Great Orme BioBlitz With Chris Packham

Dr Trevor Dines

Dr Trevor Dines

Plantlife Botanical Specialist

30th July 2018

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Trevor with Chris Packham

To be honest, I’d never really attempted anything like this before and, having set myself the challenge of finding and recording as many different plant species as possible in one day on the Great Orme, I was nervous. But Chris Packham was due at lunchtime – this was one stop on his mammoth UK BioBlitz – so the game was on.

The vast list of species known from the Orme was daunting. Over the years, more than 700 species had been recorded, an exceptional diversity that showed why this special place is an Important Plant Area of global significance. But two other factors were worrying me. Firstly, the worst drought nearly 60 years had turned everything brown. My botanical skills would be tested not just with a narrative of “what is that?”, but also of “what was that?” Then, to add a twist of irony to the whole day, it began to rain... heavily.

The idea of a BioBlitz is to record as many species as possible. I had planned a route around the Orme to take in as many different habitats as I could, starting with the woods and gardens of Happy Valley, then the sand dunes at West Shore and on to the species-rich limestone grassland around the summit Visitor Centre, down past the copper mines to Maes-y-facrell and Haulfre gardens, then do a loop of the whole Orme on Marine Drive and finish at the wet clay cliffs by the old military gun sites on the tip of the Orme.

I started with gusto finding species at a pace – everything was new at first. Wild cabbage (Brassica oleracea) and rock sea lavender (Limonium procerum) were nice plants to start with on the cliffs, and then I took to the woods for shelter from the rain. Dog’s mercury (Mercurialis perennis), violets and ferns, then – oh! – a clump of ivy broomrape (Orobanche hederae) in the gloom. The day rapidly became a blur - a crazy dash to add more and more species. I set myself a rule - if I didn’t find a new species within three minutes it was off to the next habitat. Odd species cropped up in gardens - Mediterranean spurge (Euphorbia characias) and all manner of introduced cotoneasters – then on to the dunes with beautiful sea holly (Eryngium maritimum) and rock samphire (Crithmum maritimum).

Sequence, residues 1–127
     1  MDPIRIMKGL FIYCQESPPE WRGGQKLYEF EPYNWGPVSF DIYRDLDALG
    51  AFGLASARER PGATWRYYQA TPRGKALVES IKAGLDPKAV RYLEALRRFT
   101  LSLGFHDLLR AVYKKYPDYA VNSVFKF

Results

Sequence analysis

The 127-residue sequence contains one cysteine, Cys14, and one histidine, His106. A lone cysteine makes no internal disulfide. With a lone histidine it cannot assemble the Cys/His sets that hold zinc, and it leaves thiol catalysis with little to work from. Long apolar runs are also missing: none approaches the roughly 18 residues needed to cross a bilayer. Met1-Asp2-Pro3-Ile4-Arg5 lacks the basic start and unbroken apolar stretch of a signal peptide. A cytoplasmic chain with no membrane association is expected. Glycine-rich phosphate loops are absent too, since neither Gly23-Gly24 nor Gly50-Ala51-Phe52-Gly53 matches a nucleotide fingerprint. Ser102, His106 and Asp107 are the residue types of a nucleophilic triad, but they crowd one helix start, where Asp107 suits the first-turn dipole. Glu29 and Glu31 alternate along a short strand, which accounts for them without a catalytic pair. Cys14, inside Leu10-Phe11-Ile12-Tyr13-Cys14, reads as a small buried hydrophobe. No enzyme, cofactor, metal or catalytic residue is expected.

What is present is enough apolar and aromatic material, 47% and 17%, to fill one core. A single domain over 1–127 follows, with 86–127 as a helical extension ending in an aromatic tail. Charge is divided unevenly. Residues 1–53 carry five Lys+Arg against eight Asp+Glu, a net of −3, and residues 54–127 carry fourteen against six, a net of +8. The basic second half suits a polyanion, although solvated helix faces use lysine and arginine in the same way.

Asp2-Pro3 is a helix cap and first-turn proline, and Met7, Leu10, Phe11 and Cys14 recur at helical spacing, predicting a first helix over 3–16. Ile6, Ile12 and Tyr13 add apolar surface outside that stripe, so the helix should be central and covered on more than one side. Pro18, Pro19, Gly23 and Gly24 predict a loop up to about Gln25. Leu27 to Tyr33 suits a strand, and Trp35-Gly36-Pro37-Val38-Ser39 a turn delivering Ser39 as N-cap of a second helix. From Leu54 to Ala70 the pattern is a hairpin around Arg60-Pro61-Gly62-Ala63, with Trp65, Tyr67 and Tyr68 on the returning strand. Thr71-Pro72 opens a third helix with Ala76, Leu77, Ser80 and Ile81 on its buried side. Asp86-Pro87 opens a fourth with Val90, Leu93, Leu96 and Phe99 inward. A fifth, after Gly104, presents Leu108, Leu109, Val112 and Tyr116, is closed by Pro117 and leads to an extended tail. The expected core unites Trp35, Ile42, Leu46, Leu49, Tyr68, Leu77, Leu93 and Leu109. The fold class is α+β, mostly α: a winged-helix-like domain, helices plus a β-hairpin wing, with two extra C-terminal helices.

On the thin limestone soils the grassland was all but dead with drought; curiously only harebell (Campanula rotundifolia), burnet saxifrage (Pimpinella saxifraga) and Lady’s bedstraw (Galium verum) were flowering well.

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Harebell in the drought

I spent too long looking for autumn gentian (Gentianella amarella), but eventually found a few small plants.

Then Chris appeared and in a bluster of enthusiasm Sally Pidcock (the Great Orme warden) and I took him to see a plant of Great Orme Berry (Cotoneaster cambricus)our only native cotoneaster - of which just six wild bushes are known in the world. Surely the rarest species on his whole UK tour, he was delighted and revelled in the few ripe red berries we could spot.

As the hours ticked on it was back to hardcore ‘bioblitzing’ and I clocked up some of the other Orme rarities in well-known locations. One withered plant each of dark red helleborine orchid (Epipactis atrorubens) and spotted cat’s-ear (Hypochaeris radicata) were enough for my list, then I plunged down the cliffs at the tip of the Orme for a final rallying haul of species revelling damp flushes above the sea – horsetails, rushes, sedges and reeds. In the dying light as I made my way back to the car the final plant I added was sticky groundsel (Senecio viscosus) growing by the path. Maybe not the grand final flourish I’d imagined, but this was the 333rd species I’d seen that day.

I was amazed. I don’t think I’ve ever recorded that many species before in one go. And I’ll probably never record that many again – I was exhausted! But it was an incredible day. As I rested for a moment a group of choughs wheeled overhead. The Great Orme really is a special place.

Find out more:

Hoary Rockrose Great Orme (c) Trevor Dines-Plantlife.JPG

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